Forming a legal entity (part 2): Finding a lawyer

The first step I took in founding a startup was to find a lawyer. There’s a ton of very picky specific legal decisions to make, and I knew that I wasn’t remotely qualified to do it on my own. In fact, I didn’t even know where to start.

I began my search with a few recommendations from friends who are in startups, but, ultimately, I found someone through my accountant. Unfortunately, I don’t know enough about law (nor, really, about startups) to judge professional competence, but there were a few other things I looked for:

  • they’ve worked with founding tech. startups before
  • they were interested in my particular business
  • I felt there was a good personality fit
  • the rates weren’t too outrageous ($300 to $500 / hour)

After talking with a few different options on the phone, I wound up going with Doty, Barlow, Britt & Thieman and have been very happy with them.

One extra lesson I learned the hard way… lawyers bill for absolutely everything (all of them: not just mine). Every minute on the phone, every email answered, every letter they have to respond to will cost you. I’ve had to become very conscious about dropping the polite small talk on the phone, and keeping the email questions down to those I absolutely need an answer to. Every time before I call, I remind myself: it costs you $1 to say “Hello, how are you?”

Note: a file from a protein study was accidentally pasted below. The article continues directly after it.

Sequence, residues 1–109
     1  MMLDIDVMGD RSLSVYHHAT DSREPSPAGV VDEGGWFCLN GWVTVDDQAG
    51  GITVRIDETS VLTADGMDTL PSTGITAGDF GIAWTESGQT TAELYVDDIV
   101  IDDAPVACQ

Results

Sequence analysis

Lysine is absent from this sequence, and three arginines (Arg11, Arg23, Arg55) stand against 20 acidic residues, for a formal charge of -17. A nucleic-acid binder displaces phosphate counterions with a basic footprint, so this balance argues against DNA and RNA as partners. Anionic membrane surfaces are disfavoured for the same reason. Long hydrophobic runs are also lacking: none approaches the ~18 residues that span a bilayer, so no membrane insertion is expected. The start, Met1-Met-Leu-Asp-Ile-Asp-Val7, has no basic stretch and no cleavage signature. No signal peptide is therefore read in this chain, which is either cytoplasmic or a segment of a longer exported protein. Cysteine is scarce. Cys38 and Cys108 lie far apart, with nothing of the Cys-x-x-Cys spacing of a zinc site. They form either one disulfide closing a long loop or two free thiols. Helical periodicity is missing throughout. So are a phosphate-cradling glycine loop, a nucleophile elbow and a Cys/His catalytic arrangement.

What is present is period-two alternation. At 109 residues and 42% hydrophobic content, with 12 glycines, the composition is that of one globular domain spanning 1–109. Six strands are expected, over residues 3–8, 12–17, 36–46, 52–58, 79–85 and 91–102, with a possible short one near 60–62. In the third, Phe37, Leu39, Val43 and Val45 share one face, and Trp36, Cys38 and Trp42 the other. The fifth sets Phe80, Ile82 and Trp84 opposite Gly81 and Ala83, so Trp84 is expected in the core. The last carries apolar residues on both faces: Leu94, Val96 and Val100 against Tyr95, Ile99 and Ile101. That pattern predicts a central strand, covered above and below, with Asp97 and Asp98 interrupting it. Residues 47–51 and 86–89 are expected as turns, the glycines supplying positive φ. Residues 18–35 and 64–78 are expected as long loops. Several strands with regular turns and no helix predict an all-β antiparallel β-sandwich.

Forming a legal entity (part 1)

A while back, I founded a startup. I’ve since closed it and moved on to first one company, and then to another.  However, I learned a lot in the process I thought would be worth sharing.

One of the first things I had to learn when starting my company was how to actually start a company. There are a lot of choices which all have to be made before you can incorporate, and there’s a definite order in which you need to get things done. Here’s the sequence I followed:

  1. Find a lawyer who knows startups
  2. Choose a name for the company (but not the product)
  3. Purchase the company’s domain name
  4. File incorporation papers
  5. Open a business checking account
  6. Sign up for email / calendar services
  7. Sign up for other technical services (e.g., source control, hosting)
  8. Print business cards
  9. Get to work!

All in all, there was more waiting for things to happen than actual work, and a lot more reading about legal entity types, researching banks, and that sort of thing than I’d expected. I’ll write more about each step in separate posts.